This bill modernizes Oregon’s emergency medical services (EMS) system by establishing a program and advisory board supported by the advice and technical expertise of advisory committees, which will support regional advisory boards responsible for the development and oversight of regional emergency medical services plans. It also directs the new EMS program to establish and maintain and EMS data system.
Disability Rights Oregon is objecting to Section 14, which makes “all data, including written reports, notes, records and recommendations, received or compiled by the Emergency Medical Services Advisory Board or a regional emergency medical services advisory board… are confidential, privileged, inadmissible, and undiscoverable.” It significantly reduces transparency and accountability for people with disabilities who use emergency medical services in Oregon. When a person with a disability is harmed by the negligent action of an emergency medical service provider, that individual and their family deserves to learn what happened so they can make an informed choice about how they can be made whole. Under the proposed language, an entity that was involved in or tolerated egregious behaviors, such as sexual harassment or neglect, would proceed to hand over information to the Advisory Board and in doing so hide information and evidence—and shield themselves from litigation. We ask the Committee to remove Section 14, however the proposed amendment does not remove this section. Another testimony cited a case in which this happened.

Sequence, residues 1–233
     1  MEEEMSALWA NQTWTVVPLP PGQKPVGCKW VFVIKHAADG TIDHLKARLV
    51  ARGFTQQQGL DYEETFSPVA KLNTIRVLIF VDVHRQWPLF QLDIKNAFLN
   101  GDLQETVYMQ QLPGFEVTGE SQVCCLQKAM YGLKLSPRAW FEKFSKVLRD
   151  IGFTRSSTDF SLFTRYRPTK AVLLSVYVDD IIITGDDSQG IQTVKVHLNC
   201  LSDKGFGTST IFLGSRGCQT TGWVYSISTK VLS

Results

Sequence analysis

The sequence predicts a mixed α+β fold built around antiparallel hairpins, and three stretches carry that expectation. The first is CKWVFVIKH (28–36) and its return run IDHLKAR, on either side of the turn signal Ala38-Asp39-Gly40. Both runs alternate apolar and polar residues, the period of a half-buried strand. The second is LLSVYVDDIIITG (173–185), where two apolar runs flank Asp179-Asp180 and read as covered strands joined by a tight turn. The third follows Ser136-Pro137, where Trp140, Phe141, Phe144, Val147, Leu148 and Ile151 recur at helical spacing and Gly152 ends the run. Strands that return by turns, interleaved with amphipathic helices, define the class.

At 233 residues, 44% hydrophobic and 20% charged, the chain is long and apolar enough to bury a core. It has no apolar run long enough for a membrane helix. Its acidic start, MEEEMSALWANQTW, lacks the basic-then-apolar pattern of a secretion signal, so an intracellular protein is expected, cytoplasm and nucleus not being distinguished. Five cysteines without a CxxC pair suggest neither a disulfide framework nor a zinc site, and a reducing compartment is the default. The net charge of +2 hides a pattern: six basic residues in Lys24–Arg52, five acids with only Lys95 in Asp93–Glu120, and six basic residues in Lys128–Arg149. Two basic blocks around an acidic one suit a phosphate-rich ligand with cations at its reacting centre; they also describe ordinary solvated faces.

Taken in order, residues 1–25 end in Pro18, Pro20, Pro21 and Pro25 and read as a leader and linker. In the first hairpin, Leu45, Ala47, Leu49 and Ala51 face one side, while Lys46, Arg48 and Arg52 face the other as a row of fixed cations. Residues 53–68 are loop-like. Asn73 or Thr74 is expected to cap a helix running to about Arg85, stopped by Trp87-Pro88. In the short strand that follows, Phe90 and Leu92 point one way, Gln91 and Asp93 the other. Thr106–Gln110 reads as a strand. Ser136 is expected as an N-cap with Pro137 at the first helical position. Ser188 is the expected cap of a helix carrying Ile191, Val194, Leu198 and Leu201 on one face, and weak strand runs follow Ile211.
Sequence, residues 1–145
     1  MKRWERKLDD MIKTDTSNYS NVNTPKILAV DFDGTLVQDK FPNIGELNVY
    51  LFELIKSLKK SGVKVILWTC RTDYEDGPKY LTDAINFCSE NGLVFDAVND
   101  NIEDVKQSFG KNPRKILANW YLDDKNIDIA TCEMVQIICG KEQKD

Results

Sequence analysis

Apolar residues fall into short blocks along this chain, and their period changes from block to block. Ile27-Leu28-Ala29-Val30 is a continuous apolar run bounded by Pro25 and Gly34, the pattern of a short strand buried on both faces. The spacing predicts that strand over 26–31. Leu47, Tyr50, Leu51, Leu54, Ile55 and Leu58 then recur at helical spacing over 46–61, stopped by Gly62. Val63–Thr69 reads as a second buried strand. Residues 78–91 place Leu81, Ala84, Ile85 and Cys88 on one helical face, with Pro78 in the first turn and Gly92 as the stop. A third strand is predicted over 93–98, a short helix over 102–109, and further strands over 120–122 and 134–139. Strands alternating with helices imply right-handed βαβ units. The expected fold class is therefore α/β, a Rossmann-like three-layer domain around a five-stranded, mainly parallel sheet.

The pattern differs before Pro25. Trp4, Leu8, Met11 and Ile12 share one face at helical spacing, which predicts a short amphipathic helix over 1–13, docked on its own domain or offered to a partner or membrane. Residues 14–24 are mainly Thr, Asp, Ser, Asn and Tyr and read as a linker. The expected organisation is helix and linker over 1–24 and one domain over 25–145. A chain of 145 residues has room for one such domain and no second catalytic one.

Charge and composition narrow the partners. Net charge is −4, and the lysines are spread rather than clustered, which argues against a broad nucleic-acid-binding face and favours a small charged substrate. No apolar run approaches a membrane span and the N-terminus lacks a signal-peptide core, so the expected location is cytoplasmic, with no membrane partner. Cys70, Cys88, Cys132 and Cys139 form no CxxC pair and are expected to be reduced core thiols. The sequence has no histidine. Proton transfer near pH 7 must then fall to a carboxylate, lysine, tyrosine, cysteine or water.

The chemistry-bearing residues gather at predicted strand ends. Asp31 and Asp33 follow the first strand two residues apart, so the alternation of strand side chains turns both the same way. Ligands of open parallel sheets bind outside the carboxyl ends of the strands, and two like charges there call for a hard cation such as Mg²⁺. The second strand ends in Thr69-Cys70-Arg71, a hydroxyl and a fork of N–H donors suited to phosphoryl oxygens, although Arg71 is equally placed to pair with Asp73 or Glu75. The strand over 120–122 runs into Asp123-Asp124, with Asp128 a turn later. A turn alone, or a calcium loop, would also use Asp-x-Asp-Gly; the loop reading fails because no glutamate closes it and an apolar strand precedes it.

They also ask for the removal of Section 16, which has not happened. “(1) An emergency medical services provider may not be held liable for acting in accordance with approved emergency medical services plans. (2) A person who in good faith provides information to an emergency medical services data system is immune from any civil or criminal liability that might otherwise be incurred or imposed with respect to provision of the information.” This section creates a loophole in Oregon’s liability framework by shielding people who act in accordance with approved emergency medical services plans—even when those plans are insufficient to prevent neglect or abuse. Liability laws create an incentive for businesses to prevent harm to patients. This section of HB 4081 undermines the basic concept of liability in Oregon and rebalances incentives in favor of businesses who are negligent, at the cost of people who use emergency medical services. This section will make it more difficult for people with disabilities who are harmed through negligence to get access to justice.